Michaela Cossolotto

Laura Cossolotto of Centerville, Iowa, pushes her daughter, Michaela, in a wheelchair at a 5K fundraiser for Dravet.org. Michaela suffers a rare form of epilepsy called Dravet syndrome.


Stories of children suffering rare forms of epilepsy and other ailments weren't enough Wednesday to convince an Iowa board to recommend a medical marijuana program for the state.

Laura Cossolotto of Centerville told the Iowa Board of Pharmacy about her 17-year-old daughter, who has Dravet syndrome. She said her daughter takes 100 pills a week and still suffers bouts of seizures that sometimes last more than six hours.

"We've run out of options," Cossolotto said.

Another Iowa family petitioned the board in January to write rules to reclassify marijuana. Iowa law, like federal law, says marijuana has “no currently accepted medical use.”

Dozens of parents, patients and doctors spoke at board meetings last week and Wednesday morning. Within an hour of hearing their testimony, the board decided Wednesday that it won't rewrite rules, the board's executive director Lloyd Jessen said.

"The board has no authority to authorize growing marijuana, let alone establish a program for licensure and regulation of producers and distributors," the board's written ruling signed by chairman Edward Maier states.

Cossolotto believes the board is passing the buck on to the state legislature.

Any new proposed medical marijuana bill will have to wait until 2015. A bill introduced last month by Sen. Joe Bolkcom of Iowa City wasn't taken up.

Fears of abuse are being overblown, Cossolotto said.

"It's very disappointing to know severely ill Iowans are not being allowed medical marijuana because of pot abuse," she said.

She told the board that one of the pharmaceuticals her daughter takes is a narcotic. "Apparently that's better than a plant," she said.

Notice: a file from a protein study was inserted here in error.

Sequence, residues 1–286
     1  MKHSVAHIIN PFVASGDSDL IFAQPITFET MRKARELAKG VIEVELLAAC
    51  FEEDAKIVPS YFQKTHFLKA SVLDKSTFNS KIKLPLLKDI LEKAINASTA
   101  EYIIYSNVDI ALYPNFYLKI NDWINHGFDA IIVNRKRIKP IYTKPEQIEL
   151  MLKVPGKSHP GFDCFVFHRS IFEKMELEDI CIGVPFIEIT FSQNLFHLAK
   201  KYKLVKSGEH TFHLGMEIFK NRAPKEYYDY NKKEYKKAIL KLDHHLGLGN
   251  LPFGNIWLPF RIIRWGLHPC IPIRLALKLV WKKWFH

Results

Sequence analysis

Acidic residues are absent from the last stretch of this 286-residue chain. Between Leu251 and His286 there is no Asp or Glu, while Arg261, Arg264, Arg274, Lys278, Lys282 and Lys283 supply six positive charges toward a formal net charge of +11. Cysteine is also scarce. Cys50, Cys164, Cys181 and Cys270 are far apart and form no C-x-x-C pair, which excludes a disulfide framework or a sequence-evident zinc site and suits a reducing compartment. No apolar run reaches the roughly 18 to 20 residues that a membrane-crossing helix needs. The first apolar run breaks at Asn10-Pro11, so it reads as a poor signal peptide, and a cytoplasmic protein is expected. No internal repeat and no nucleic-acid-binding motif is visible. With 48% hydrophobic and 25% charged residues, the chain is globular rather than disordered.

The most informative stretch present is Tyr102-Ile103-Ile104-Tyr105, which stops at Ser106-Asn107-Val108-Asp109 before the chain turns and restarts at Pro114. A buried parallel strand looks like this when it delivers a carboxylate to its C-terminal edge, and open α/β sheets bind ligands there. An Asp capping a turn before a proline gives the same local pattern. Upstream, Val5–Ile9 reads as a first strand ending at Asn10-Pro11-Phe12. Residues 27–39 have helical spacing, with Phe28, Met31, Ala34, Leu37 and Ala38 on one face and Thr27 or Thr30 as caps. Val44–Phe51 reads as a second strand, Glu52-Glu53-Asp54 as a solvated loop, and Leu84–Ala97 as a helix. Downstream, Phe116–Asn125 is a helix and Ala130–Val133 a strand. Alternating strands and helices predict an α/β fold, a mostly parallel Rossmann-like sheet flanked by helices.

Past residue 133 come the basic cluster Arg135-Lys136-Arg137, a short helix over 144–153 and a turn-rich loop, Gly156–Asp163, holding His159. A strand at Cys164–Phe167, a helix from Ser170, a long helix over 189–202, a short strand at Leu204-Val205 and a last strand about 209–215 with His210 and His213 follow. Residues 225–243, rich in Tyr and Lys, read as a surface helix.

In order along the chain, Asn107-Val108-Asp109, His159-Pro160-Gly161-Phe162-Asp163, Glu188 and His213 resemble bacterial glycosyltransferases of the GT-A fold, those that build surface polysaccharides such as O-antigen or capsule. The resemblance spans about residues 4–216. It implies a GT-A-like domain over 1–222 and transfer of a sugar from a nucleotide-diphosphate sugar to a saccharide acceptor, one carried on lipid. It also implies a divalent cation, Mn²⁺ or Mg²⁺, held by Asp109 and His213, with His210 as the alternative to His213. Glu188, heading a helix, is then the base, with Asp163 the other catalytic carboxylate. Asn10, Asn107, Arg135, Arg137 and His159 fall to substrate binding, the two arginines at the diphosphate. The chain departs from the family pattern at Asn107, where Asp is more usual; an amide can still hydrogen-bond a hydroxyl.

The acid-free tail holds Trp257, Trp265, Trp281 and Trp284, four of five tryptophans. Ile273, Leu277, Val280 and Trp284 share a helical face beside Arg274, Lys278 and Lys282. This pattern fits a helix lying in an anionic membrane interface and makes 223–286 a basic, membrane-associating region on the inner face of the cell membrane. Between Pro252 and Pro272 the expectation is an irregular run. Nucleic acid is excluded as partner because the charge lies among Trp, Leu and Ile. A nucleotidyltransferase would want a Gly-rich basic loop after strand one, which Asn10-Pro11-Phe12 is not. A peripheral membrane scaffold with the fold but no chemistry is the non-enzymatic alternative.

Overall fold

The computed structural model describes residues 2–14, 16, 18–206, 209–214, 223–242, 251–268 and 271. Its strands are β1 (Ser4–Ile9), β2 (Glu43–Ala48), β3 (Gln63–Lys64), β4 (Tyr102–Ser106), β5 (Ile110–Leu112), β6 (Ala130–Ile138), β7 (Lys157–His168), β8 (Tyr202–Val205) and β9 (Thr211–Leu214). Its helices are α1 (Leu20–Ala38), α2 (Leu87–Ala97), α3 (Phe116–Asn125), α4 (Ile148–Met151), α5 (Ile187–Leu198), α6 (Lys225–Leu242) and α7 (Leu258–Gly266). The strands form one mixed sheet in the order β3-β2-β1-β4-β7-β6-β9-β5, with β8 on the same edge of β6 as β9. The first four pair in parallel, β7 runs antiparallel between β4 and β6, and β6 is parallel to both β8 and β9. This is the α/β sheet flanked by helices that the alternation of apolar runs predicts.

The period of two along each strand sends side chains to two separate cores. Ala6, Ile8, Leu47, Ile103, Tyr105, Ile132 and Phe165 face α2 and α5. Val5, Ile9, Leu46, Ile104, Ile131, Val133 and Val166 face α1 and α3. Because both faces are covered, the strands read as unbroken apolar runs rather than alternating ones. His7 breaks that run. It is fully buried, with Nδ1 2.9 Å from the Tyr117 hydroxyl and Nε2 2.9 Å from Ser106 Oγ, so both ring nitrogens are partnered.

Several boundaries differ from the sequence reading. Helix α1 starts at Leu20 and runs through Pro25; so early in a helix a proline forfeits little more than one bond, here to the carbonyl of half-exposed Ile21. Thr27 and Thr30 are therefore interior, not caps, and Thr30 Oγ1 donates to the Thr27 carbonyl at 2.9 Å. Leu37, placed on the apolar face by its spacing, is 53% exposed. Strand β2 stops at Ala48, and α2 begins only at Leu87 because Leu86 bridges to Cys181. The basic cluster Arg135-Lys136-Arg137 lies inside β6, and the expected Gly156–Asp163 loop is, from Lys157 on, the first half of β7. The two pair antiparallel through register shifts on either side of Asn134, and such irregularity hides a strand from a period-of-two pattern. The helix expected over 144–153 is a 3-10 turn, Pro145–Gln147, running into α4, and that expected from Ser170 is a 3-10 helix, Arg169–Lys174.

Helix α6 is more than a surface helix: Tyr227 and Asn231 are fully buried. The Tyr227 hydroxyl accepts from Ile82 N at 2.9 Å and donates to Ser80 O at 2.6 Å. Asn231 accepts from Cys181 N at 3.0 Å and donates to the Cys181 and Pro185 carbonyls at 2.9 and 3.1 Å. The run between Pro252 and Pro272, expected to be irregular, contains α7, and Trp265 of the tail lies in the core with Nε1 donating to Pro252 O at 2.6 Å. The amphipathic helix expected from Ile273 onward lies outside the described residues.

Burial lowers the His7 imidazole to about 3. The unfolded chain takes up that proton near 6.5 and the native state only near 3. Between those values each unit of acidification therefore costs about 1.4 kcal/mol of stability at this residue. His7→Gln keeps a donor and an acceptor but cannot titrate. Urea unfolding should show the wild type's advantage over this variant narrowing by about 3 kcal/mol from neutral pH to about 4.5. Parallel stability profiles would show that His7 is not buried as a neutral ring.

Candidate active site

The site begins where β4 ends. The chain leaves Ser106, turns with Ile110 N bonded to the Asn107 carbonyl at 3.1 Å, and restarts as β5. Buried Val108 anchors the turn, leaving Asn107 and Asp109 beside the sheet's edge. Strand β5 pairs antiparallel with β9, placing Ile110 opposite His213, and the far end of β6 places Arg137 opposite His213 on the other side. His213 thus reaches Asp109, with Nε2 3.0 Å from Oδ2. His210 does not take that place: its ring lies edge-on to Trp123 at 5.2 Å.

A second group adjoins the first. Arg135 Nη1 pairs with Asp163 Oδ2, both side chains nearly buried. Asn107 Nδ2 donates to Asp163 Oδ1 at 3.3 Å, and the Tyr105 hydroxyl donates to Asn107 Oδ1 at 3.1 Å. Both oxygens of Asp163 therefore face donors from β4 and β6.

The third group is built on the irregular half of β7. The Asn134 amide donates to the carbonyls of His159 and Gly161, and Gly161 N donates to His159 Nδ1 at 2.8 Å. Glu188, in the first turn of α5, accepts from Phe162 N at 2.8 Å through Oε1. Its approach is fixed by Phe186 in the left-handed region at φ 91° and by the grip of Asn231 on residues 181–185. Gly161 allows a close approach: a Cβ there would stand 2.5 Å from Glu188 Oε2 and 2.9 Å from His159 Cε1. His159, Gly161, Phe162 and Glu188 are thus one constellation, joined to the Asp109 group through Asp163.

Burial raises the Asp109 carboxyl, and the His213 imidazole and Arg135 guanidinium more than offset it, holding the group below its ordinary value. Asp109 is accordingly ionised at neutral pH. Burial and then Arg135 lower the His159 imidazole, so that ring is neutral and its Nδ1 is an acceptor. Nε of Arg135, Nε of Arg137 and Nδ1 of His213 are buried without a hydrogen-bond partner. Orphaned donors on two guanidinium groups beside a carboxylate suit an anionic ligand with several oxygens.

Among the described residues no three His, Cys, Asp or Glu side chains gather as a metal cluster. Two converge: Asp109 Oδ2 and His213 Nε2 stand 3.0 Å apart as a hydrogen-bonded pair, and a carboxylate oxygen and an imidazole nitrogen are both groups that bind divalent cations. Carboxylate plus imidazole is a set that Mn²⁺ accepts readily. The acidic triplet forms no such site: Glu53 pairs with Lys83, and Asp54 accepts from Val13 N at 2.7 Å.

She was joined by Sally Gaer of West Des Moines, who shared that her daughter takes four anti-convulsive drugs, including one controlled substance and one that's imported from France.

"She still has seizures," Gaer said of her daughter, adding the pharmaceuticals have "very high" side effects.

Gaer said she believes the board made up its mind before hearing from parents Wednesday.

"It's very apparent they're following the directive of the governor," Gaer said.

Iowa Gov. Terry Branstad reiterated his stance against medical marijuana at a press conference Monday.

The pharmacy board has changed its composition since 2010, when it recommended the legislature reclassify marijuana out of being a Schedule I controlled substance. That recommendation had come about after a series of public input hearings around the state in 2008 and 2009.

Only two of the 2010 board members remain. The other five members of the seven-member board were appointed by Branstad, a Republican. 

Maria La France of Des Moines, who petitioned the pharmacy board in January, said she was "completely perplexed" by its decision.

"With all the national attention and recognition that cannabis has medical value, the board takes this step backwards in history," La France said.